CHICAGO -- After the Los Angeles Dodgers beat the Chicago Cubs 5-2 Wednesday night at Wrigley Field for just their second win in the last six games, president of baseball operations Andrew Friedman and most of the team watched the final inning of the College World Series between Vanderbilt and Virginia.
Friedman’s primary rooting interest was for reasonable workloads for the three pitchers the Dodgers drafted who played on those teams: Walker Buehler, John Sborz and Philip Pfeifer. A Tulane grad, Friedman has no attachment to either school. Once it was over, he could focus his attention on trying to sign the young pitchers.
Assuming they get some or all of them in the fold, the Dodgers like to think they’ll have enviable pitching depth in a year or two. They don’t yet and Friedman reiterated before the game that adding starting pitchers remains a primary concern between now and July 31. After all, the Dodgers do have a $270 million payroll and nobody in uniform or working for the front office views this as a rebuilding effort.
The fans certainly don’t.
The Dodgers’ top major league special assignment scout, Galen Carr, reportedly watched Philadelphia Phillies left-hander Cole Hamels give up five runs on eight hits at Yankee Stadium Wednesday night. Earlier, Carr had made multiple trips to watch both Jordan Zimmermann of the Washington Nationals and Johnny Cueto of the Cincinnati Reds, ESPN.com has reported.
The Dodgers’ search is on and it’s getting more serious.
“Starting pitching depth is certainly front and center, as it was last offseason, as it will be next offseason,” Friedman said. “It’s something we’re always going to be mindful of, but two guys going down just increases that for us.”
Friedman lives in fear of another injury to the Dodgers’ starting rotation piled on top of the season-long loss of Hyun-Jin Ryu and Brandon McCarthy because right now the back end is barely holding on. Mike Bolsinger couldn’t make it out of the fifth inning Wednesday night or, to put it another way, the Dodgers didn’t trust him to get out of the fifth inning after he walked a batter with two outs. He had shown signs he was coming unhinged when three straight Cubs got hits against him leading off.
Going into Wednesday, opposing batters were hitting .318 against Bolsinger the third time through the order and his strikeout rate has dipped precipitously. It’s not unusual to see a spike in ineffectiveness at that point of the game, but it highlights the worry the Dodgers have about trusting both Bolsinger and Carlos Frias with 40 percent of their starts. Frias, who pitches Thursday afternoon opposite Cubs ace Jon Lester, has been wildly inconsistent. Bolsinger has a 5.06 ERA in his last five starts.
At the very least, Wednesday’s win allowed the Dodgers at least a temporary reprieve from talking about their hitting woes. Adrian Gonzalez broke the ice for an offense that had gone 10 innings without scoring the day before by scraping a solo home run over the left-field wall in the second inning and Justin Turner let everybody breathe easy at last with a three-run shot in the third.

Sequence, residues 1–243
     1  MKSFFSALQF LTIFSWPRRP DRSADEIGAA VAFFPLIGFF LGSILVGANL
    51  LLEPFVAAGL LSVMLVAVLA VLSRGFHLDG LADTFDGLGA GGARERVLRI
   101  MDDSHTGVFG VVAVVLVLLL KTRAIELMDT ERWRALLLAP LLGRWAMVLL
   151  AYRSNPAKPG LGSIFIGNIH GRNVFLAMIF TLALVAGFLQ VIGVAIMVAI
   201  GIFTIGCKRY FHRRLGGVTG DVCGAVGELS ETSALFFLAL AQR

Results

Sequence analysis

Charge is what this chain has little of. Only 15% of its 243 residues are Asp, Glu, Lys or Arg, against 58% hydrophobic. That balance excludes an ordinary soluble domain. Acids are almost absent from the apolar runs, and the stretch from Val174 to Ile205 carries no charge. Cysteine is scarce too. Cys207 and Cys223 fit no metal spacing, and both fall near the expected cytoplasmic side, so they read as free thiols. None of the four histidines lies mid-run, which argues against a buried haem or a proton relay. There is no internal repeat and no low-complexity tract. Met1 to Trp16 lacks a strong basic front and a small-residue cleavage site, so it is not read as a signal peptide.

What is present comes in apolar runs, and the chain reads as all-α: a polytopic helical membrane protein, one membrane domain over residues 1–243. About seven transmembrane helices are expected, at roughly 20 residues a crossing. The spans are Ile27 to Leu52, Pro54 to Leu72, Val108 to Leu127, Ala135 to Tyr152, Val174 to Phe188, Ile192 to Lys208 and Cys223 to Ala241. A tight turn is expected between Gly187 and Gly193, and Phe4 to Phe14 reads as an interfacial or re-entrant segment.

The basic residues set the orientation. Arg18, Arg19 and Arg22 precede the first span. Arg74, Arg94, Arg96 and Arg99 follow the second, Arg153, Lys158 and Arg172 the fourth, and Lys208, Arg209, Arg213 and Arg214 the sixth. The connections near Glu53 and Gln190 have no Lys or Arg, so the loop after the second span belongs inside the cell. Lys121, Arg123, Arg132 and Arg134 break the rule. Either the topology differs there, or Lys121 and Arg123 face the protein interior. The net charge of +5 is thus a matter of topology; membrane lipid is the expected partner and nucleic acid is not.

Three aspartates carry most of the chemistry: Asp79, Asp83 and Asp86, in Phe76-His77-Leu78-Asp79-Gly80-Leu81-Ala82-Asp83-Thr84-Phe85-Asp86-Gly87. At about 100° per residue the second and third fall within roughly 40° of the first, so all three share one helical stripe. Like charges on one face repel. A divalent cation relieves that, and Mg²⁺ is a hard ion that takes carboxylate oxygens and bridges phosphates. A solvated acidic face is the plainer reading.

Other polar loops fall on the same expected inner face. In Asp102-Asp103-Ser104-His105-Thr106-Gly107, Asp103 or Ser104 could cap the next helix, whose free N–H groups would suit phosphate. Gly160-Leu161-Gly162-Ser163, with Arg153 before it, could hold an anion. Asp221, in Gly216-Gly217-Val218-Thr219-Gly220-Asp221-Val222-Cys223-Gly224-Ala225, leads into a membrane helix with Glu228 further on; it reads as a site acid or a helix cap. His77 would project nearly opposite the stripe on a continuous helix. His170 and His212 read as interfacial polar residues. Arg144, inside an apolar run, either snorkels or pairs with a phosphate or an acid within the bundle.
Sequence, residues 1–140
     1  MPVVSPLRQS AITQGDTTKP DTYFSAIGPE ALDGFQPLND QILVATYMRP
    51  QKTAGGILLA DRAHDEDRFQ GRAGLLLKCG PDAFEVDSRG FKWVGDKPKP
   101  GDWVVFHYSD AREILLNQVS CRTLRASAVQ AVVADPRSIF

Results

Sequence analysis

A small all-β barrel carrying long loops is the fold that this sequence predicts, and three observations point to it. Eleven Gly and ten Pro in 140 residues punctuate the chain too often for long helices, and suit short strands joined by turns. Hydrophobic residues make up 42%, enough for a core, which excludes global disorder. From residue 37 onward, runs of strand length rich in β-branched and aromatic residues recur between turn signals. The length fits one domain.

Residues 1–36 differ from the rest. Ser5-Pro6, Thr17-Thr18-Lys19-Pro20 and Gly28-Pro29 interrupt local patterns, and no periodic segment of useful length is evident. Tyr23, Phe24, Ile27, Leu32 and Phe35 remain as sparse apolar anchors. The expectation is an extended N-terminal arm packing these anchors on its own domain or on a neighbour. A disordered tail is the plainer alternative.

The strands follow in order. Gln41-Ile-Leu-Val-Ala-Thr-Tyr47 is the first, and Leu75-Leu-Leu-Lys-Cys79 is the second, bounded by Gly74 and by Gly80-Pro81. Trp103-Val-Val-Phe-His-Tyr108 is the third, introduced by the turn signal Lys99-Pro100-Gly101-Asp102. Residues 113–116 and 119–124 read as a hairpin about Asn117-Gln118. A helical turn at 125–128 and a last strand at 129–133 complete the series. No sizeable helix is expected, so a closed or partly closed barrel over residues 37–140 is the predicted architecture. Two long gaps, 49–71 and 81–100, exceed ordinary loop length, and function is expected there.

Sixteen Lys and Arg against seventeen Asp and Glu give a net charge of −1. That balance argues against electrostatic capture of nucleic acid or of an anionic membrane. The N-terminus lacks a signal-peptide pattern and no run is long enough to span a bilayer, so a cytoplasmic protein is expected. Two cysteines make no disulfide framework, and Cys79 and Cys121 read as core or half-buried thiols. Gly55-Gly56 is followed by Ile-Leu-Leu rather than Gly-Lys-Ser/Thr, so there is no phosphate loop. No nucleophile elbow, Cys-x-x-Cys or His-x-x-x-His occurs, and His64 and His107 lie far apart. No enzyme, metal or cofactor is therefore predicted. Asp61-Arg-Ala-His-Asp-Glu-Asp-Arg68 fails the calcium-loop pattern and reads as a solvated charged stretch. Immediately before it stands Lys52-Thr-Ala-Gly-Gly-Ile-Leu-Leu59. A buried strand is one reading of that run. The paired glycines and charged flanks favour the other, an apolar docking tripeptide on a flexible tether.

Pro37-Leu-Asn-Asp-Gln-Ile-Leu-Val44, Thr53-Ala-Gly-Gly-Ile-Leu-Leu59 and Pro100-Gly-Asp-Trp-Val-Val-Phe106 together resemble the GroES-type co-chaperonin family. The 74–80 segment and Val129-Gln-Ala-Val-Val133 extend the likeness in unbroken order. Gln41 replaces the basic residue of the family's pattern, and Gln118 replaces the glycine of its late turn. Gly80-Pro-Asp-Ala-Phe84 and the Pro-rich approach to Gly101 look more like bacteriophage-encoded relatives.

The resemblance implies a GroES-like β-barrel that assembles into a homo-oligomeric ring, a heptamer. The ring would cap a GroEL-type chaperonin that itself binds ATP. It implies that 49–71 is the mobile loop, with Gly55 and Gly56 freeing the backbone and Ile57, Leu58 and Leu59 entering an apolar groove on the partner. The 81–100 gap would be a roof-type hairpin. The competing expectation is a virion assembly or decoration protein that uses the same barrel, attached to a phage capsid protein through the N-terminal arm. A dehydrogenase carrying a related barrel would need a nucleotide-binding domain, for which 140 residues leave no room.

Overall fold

Wednesday marked the fifth straight game Turner has started in which he has batted third in the Dodgers’ lineup. Considering where Turner was two springs ago -- fighting for a roster spot after the New York Mets stunned him by declining to offer him a contract -- that’s a pretty dizzying ascent.
Had you told Dodgers manager Don Mattingly that Turner would be his No. 3 hitter back in March, here’s what he would have thought:
“I’d have assumed we had a lot of injuries, honestly, because I don’t think you picture him with our club in the No. 3 hole,” Mattingly said. “Probably, out of spring training you see him coming off the bench like last year, getting a lot of at-bats but playing all over the place.”
With a healthy array of Dodgers position players, Turner has simply hit the best of all of them. Turner’s .967 OPS is the best on the team and his 2.9 WAR is second only to Joc Pederson though Turner has had 113 fewer plate appearances. Turner probably deserves a spot on the National League All-Star team though the fact he doesn’t have the qualifying at-bats and is labeled a utility guy likely will hurt him. Turner wouldn’t even be with the Dodgers had bench coach Tim Wallach not made a phone call to then-general manager Ned Colletti after running into Turner at a Cal State Fullerton alumni event.
Without Turner, where would the Dodgers be?
“Obviously, I don’t want to think about it,” Mattingly said.
Turner resisted the opportunity to throw it back in the faces of the Mets’ front office that cast him loose because it wanted to save $500,000 or so in arbitration, then leaked insinuations to ESPN.com’s Adam Rubin that it was Turner’s lack of hustle that soured them on him.
“I’ll tell you it was probably the worst offseason I’ve ever had, not knowing where or if I was going to be playing the next year,” Turner said. “That was hard, but I’m happy I landed here with the Dodgers. It’s nice being on a good team dedicated to winning from the top all the way to the bottom.”